What Is Computational Logistics?

Written by Integrated Skills

Nov 3, 2014

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computational logisticsRoute Optimisation Algorithms: A planning engine may use a search algorithm used within a dynamic vehicle routing context. In computing, a search algorithm is designed to find and display objects that contain specific terms from a corpus of choices that do or do not include those terms. Typically in distribution and logistics the search algorithm displays all options that include the words and from here the most applicable route is taken. The display will often include entrance points to the route (called nodes) as well as journey times under a given set of conditions between the nodes, which are termed edges in the industry. In the terminology of the business, a distribution company seeks to maximise the ratio between cargo, edges and nodes, such that turnover, and therefore profit is maximised. It is obvious to state that the bigger the fleet employed then the higher the requirement for elements such as multi-drop route planning is going to be. In essence as complexity increases the greater is the need for consideration of computational logistics.

Computational logistics

The computer systems used in distribution and logistics are some of the most sophisticated and powerful in existence. Computational logistics is the branch of computer science and logistics which is concerned with implementing systems that can perform many complex tasks using advanced mathematics and highly sophisticated algorithms. The discipline can be viewed as the bedrock of route planning software in the global distribution business. In this sphere, the industry is concerned with optimising the flow of goods and services and all relevant information between an origin and destination point.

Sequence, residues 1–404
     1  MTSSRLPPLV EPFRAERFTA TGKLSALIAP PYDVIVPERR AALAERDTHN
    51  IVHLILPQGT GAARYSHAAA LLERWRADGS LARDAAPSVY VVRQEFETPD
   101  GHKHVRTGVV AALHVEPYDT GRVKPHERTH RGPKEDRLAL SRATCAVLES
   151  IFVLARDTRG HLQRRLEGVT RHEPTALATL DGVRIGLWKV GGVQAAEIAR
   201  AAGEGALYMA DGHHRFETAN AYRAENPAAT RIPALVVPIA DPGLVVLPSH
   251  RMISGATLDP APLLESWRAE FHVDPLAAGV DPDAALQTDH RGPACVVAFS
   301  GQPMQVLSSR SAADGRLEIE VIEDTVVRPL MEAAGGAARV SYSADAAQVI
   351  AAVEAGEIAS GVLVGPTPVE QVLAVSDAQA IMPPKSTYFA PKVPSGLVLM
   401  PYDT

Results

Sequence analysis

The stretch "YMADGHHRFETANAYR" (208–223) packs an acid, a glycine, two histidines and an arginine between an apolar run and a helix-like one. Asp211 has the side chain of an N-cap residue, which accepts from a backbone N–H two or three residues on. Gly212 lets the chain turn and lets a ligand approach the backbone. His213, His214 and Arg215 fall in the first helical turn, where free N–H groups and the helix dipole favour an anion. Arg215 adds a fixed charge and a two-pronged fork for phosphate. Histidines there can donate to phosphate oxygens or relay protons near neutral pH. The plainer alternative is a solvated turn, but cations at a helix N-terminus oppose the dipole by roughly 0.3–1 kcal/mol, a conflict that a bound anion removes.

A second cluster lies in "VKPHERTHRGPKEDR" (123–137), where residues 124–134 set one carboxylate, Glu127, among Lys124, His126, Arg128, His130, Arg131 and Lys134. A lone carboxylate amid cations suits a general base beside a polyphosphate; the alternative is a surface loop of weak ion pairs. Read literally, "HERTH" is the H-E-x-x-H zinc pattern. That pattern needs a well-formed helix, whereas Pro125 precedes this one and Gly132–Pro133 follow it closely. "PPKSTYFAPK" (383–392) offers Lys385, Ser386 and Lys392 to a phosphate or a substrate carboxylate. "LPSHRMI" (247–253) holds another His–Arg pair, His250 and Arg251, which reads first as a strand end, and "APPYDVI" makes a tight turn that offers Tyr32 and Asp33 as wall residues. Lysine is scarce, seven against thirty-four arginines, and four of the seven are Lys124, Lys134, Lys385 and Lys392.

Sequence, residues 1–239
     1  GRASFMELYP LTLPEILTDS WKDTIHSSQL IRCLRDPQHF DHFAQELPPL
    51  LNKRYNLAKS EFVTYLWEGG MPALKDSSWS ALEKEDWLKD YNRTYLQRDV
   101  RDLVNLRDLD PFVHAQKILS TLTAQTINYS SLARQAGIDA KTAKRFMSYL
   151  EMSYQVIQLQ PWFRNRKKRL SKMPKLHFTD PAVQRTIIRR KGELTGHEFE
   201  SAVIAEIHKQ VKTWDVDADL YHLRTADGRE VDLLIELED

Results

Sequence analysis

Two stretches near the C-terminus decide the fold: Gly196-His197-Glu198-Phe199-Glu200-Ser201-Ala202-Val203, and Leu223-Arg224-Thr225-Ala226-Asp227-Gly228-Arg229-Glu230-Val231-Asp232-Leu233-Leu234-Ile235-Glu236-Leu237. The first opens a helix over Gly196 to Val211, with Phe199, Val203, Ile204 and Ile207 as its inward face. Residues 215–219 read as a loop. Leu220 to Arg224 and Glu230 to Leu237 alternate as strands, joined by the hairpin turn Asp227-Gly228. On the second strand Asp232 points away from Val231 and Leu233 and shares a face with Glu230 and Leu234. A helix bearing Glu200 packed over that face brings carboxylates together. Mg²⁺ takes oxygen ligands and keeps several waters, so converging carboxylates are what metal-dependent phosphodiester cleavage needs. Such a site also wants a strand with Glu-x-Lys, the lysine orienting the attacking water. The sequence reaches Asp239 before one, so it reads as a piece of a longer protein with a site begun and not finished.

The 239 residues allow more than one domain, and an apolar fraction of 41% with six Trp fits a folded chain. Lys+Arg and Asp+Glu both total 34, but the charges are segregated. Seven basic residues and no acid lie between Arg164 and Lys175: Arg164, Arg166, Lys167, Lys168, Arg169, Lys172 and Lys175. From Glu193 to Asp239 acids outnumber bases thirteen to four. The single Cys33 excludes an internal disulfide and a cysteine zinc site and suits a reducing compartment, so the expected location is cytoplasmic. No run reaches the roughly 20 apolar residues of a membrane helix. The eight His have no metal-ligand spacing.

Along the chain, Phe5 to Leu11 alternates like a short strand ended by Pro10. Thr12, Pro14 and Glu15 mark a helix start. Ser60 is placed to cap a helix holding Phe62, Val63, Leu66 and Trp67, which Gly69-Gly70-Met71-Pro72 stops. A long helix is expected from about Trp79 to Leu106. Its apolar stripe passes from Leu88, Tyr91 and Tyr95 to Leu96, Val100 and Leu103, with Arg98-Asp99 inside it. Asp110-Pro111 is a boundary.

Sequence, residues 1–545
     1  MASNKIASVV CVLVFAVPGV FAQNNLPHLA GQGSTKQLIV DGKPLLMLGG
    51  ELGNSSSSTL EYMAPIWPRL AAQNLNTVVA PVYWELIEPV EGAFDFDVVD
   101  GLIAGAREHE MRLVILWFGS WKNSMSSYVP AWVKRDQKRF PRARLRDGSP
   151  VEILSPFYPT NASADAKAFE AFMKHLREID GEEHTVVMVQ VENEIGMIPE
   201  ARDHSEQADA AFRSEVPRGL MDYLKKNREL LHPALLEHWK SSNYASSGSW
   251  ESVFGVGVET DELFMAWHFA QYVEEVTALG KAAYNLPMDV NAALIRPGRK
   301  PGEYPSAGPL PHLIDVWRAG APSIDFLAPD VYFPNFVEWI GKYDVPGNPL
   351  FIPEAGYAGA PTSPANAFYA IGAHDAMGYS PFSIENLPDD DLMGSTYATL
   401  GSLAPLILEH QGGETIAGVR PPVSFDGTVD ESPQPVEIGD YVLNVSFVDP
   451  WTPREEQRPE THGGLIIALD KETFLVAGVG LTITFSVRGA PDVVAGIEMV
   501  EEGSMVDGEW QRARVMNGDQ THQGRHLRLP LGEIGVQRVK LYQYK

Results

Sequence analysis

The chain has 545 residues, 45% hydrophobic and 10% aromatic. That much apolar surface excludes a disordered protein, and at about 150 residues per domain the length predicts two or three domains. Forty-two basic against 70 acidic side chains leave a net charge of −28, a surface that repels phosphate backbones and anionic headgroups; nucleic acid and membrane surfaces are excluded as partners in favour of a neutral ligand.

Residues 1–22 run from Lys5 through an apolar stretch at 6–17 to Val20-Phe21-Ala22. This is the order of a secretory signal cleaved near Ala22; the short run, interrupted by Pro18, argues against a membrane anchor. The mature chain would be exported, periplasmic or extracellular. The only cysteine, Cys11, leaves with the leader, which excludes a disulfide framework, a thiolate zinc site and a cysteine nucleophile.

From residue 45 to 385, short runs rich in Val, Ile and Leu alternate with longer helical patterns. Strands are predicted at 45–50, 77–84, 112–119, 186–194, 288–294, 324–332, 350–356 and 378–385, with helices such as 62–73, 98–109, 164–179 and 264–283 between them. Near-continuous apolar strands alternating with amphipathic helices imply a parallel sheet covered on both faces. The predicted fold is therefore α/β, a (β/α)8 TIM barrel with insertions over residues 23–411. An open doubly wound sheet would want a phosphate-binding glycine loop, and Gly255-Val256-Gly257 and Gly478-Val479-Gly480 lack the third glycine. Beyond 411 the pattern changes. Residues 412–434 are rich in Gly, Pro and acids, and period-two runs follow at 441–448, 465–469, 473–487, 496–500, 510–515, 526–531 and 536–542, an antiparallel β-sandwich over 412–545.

It entails the organisation and prioritisation of tasks by using applications such as courier route planning software and associated algorithms within the overall supply and distribution infrastructure. In such contexts, route optimisation is a keyword as there is almost certainly never going to a perfect set of delivery circumstances. These constraints to perfection in the real world are exemplified by such things as diversions, accidents or adverse weather conditions and are often updated in real time. In a computational logistics system such as a multi-drop route planner, the constraints are expressed as a series of mathematical equations and functions which take the form of an inequality.

Inequalities and vehicle route planning

In advanced mathematics, an inequality occurs when two values in a relationship are not equal. This may sound obvious, but it must be made clear that the term inequality does not mean that one value is greater or that they can be compared, it merely means that value X does not equal value Y. In the most simplistic terms when an inequality occurs a further constraint is placed on route optimisation, and that means the delivery schedule may be affected, at the very least the schedule must be flexible enough to accommodate the change. The presence of an inequality means that new information must be input to the computer network and a new set of options displayed.
Overall the use of sophisticated technology means that the distribution industry is becoming ever more efficient in the utilisation of its vehicle fleets meaning that customers and clients can enjoy improved serviced levels.

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